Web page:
First, another apology. I really don’t know why it’s taken me so long to finish the blog for this trip. I think I just never wanted it to end! It was sad coming home and frankly the whole thing felt like a dream. A good one, but sort of surreal. I wonder if that’s how the people who travel for a year feel? Anyway, I am getting the occasional comment from various people (OK, mostly my mom) asking if I am going to finish this trip blog. I think I just needed to start planning a new trip before I could finish this one. Or something. Anyway, I apologize to those people (mom) who have stopped by and found I’d not updated. Here ya go!
I got up after what felt like maybe two hours of sleep. You can’t sleep late on a boat due to noise and movement. Also roosters. I was coughing a decent amount so decided to try a hot shower. There was a handheld showerhead and a regular overhead. When I pulled the button to try to get the overhead to work, it unfortunately triggered the handheld. I say unfortunately because the handheld was aimed directly at my face. Nice. It was like a clown’s flower times a gazillion. Sal thought it was reaaaal funny when I reenacted it later on.
I couldn’t figure out how to get the overhead to work, and neither could Sal. Washing my hair with a handheld was not easy without getting water everywhere and of course there was no conditioner. Can I pause a second and ask a serious question: how do people manage without conditioner? My hair snarls so badly that if I don’t use it about 1/10th of my total hair count is in the comb once I finally finish de-tangling, and my hair is short! I don’t get how the people will long hair do it. I’m talking people anywhere – not just Asia; there are a lot of hotels in Europe that don’t provide conditioner either. I wanna know how they aren’t all walking around with bald spots. Serious question.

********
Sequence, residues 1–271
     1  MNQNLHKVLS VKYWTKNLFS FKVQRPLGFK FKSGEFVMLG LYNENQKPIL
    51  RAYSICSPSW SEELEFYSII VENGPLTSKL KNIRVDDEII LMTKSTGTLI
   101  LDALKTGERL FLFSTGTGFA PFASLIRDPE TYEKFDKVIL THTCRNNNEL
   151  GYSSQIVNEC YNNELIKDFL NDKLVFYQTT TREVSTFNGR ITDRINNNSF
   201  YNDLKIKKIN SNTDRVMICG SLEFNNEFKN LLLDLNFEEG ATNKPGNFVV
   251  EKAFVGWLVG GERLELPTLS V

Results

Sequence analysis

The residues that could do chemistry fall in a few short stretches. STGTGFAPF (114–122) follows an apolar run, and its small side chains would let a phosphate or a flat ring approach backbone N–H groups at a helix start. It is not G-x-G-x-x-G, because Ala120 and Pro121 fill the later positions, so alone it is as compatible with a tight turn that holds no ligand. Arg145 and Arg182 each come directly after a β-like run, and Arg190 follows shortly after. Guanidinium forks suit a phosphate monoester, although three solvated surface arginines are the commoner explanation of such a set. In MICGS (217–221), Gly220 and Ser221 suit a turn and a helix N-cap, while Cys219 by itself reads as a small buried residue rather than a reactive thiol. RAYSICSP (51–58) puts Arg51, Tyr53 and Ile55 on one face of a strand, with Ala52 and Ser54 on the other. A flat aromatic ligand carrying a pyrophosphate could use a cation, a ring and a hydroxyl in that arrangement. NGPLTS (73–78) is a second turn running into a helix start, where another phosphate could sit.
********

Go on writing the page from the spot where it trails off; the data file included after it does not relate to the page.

Back to the boat. After the shower we had our breakfast, then we were off on another bike ride to see how special coiled incense was made and see a few temples. Sal wore his regular hat, and Quang and I wore the traditional Vietnamese hat (called Non La – I had to look it up). We started out with Quang leading and as we were crossing the street somehow a gust of wind blew and made my hat totally cover my face, making me look like I had a beak-face. I couldn’t see anything. Thankfully there wasn’t any traffic. Unfortunately I yelled out and then the guys got a good look at my shame. Honestly, though, it was hilarious. When Sal and I would talk about it later we’d both laugh so hard we almost peed our pants. It was ridiculous. The only other people that saw my craziness were a mom and daughter, and I wish I could have gotten a picture of their reaction. Sometimes you don’t have to speak the language to know exactly what someone is thinking. At least they thought it was funny, too.
Off we went on the bikes and to our stops. First off was a place where they made and packaged the incense.